Roger Federer still wasn’t fulfilled after setting another tennis record by beating Janko Tipsarevic at the ATP World Tour Finals.
The 6-3, 6-1 victory at London’s O2 arena yesterday was Federer’s 40th at the season-ending tournament for the top eight singles players, one more than the mark he’d previously shared with five-time champion Ivan Lendl.
“I’m far from perfect,” Federer, 31, told reporters when asked if there was anything he wasn’t good at. “I can’t cook. There are many things I can’t do that I wish I could do. I can’t skate. I would love to do that.”
After losing his spot atop the rankings last season to Novak Djokovic of Serbia, Federer returned to form at Wimbledon this year, where he beat Britain’s Andy Murray to win a men’s record-extending 17th Grand Slam title. He won the silver medal at the London Olympics and completed a record 302nd week at No. 1 before being usurped by Djokovic this week. He’ll end the season inside the top two for the ninth time in 10 years.
As at the four Grand Slam tournaments, Federer’s record at the ATP Finals is unmatched in the men’s game.
The Swiss has a 40-7 career record in 11 appearances and has won the title a record six times. Lendl and Pete Sampras are next with five championships.
“It was a big moment for me because I was hoping to do well, increase my ranking, because I knew every match I could win possibly in the round robin stages could really help my ranking down the stretch,” Federer said. “That’s exactly what it did. I think I finished sixth in the world that year.”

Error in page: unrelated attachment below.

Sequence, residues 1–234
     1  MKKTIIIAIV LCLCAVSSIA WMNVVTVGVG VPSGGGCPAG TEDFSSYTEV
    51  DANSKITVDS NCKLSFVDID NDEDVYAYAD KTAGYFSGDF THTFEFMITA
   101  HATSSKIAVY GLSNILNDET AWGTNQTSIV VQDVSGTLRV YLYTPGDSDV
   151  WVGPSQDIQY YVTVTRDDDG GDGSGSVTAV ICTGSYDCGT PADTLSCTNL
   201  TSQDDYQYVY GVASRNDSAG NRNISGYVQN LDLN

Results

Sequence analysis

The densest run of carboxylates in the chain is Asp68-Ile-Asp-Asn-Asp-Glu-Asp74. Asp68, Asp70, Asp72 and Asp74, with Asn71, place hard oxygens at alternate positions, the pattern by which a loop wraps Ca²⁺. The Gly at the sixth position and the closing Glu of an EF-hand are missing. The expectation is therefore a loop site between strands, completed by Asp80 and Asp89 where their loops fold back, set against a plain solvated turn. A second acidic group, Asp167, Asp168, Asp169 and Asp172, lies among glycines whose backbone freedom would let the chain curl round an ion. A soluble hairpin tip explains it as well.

The ATP Finals feature a round-robin format. The top eight singles players and doubles pairs are divided into two groups of four, with the top two in each moving into the semifinals.
Spain’s David Ferrer beat former U.S. Open champion Juan Martin del Potro of Argentina 6-3, 3-6, 6-4 last night in the other match in Federer’s group.
Today, U.S. Open champion Murray and Australian Open winner Djokovic will clash for the seventh time this season. France’s Jo-Wilfried Tsonga, last year’s finalist, plays Tomas Berdych of the Czech Republic in the evening match.
The second-ranked Federer fired seven aces past No. 8 seed Tipsarevic yesterday and never faced a break point, winning 95 percent of the points on his first serve.
“Roger was just too good,” Tipsarevic said. “People see him play this flawless tennis and saying, ‘Oh, life is so easy for Roger, he’s so talented.’ He is talented, but there’s so much work behind that and so much thinking to improve.”
Should Federer win his seventh title of 2012 in London, he would join John McEnroe at No. 3 on the career title-leaders list with 77.
“It’s been a great career, but hopefully I have some more left in the tank this week,” said Federer, who will face Ferrer in his next group match tomorrow.
To contact the reporter on this story: Danielle Rossingh at London’s O2 arena through the London sports desk at firstname.lastname@example.org
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